Maria Krysan, a professor at the University of Illinois in Chicago, has studied racial attitudes and survey methods for thirty years.  She, like Charles, pointed out the shift away from overtly racist attitudes.  “In today’s contemporary race relations,” she says, “there’s pressure to appear not racist and embrace racial equality.”

One way that racism has been sublimated, however, emerges in feelings of grievance among whites.  A study by Samuel Summers, a psychologist at Tufts University, with a nationwide sample of 208 blacks and 209 whites responding to a questionnaire about how much discrimination each group experienced from the 1950s onward, showed that whites rated anti-white racism as more prevalent than than anti-black bias by more than a full point on a ten-point scale. Eleven percent of whites said that whites are currently “very much” targets of discrimination. Only 2 percent of blacks surveyed agreed.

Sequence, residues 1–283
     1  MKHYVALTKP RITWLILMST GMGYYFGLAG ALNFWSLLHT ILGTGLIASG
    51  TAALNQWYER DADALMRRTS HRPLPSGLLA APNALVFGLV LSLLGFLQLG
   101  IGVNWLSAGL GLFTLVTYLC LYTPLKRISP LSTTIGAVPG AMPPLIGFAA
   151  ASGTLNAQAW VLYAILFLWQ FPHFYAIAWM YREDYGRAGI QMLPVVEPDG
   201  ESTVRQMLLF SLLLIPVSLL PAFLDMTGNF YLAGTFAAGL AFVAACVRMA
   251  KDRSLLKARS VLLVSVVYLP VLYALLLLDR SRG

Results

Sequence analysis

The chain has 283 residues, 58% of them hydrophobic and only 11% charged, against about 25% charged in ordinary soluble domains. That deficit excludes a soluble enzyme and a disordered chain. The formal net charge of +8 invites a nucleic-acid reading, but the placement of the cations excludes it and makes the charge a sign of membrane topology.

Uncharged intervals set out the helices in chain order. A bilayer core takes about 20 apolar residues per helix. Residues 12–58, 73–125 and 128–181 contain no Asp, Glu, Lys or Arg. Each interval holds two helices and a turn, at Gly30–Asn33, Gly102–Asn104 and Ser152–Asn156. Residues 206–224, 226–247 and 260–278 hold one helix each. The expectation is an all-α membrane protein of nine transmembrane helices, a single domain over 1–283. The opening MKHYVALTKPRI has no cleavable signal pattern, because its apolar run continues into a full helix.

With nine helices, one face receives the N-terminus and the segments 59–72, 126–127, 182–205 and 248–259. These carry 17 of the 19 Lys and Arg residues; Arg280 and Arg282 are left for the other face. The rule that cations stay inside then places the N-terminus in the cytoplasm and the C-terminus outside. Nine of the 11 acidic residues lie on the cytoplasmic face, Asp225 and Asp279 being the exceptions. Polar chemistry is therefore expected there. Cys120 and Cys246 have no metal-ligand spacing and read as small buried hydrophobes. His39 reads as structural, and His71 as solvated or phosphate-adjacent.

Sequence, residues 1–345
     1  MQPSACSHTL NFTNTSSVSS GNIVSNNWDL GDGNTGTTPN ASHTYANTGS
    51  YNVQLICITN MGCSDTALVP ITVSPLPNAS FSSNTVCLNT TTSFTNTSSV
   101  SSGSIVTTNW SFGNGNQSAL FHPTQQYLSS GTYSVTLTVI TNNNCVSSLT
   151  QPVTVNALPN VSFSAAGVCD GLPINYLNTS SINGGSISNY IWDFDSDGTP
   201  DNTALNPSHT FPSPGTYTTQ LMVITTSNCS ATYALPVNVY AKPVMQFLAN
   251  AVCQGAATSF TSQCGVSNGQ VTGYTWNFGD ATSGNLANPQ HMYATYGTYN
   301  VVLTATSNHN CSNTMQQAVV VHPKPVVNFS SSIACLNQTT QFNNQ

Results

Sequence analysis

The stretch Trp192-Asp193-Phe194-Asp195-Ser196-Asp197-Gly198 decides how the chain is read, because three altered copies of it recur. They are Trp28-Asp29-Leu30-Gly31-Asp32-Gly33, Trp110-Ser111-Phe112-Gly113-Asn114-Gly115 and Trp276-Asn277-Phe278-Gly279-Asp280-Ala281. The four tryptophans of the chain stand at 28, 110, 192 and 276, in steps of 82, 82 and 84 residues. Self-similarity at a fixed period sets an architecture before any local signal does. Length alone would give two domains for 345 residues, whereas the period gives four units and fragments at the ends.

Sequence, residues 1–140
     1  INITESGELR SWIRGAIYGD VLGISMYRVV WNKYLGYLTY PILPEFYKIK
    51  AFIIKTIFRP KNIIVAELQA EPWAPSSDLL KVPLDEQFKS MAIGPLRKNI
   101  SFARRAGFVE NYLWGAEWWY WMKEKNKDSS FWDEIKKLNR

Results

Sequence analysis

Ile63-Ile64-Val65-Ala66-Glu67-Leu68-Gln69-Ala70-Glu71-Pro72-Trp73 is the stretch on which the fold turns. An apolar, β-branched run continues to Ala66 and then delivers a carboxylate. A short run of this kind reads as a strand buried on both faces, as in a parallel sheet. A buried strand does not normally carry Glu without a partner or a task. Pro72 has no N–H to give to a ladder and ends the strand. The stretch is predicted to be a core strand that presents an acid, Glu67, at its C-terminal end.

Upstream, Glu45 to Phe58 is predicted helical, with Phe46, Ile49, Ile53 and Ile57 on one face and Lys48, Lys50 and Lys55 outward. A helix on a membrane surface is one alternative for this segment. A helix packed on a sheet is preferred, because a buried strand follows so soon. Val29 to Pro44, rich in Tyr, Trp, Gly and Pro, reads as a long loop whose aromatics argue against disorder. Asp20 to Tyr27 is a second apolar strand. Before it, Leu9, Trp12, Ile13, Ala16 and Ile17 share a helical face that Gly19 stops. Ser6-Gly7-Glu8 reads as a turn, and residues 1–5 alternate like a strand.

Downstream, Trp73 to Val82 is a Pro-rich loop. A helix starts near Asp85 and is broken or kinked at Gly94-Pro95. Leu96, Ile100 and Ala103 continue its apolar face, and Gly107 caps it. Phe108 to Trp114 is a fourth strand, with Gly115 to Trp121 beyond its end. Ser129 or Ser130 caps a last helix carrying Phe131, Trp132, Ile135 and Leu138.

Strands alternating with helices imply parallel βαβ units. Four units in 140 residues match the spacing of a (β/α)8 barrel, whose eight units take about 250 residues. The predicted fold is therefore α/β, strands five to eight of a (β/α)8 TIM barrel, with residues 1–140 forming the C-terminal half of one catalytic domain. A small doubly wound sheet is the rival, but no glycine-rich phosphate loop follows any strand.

Nevertheless, one impact of Barack Obama’s presidency was to reduce white racial prejudice, even among conservatives, according to a study by the Annenberg Public Policy Center in November of 2012.  Seth K. Goldman, the author of the study, called it the “Obama effect,” and claimed that it reduced prejudice at least five times faster than in the two previous decades.  Obama himself feels that race relations have  improved during his presidency. In an interview with George Stephanopoulos on January 8, 2017, he said that “greater awareness” of anti-black racism has led to greater harmony between blacks and whites.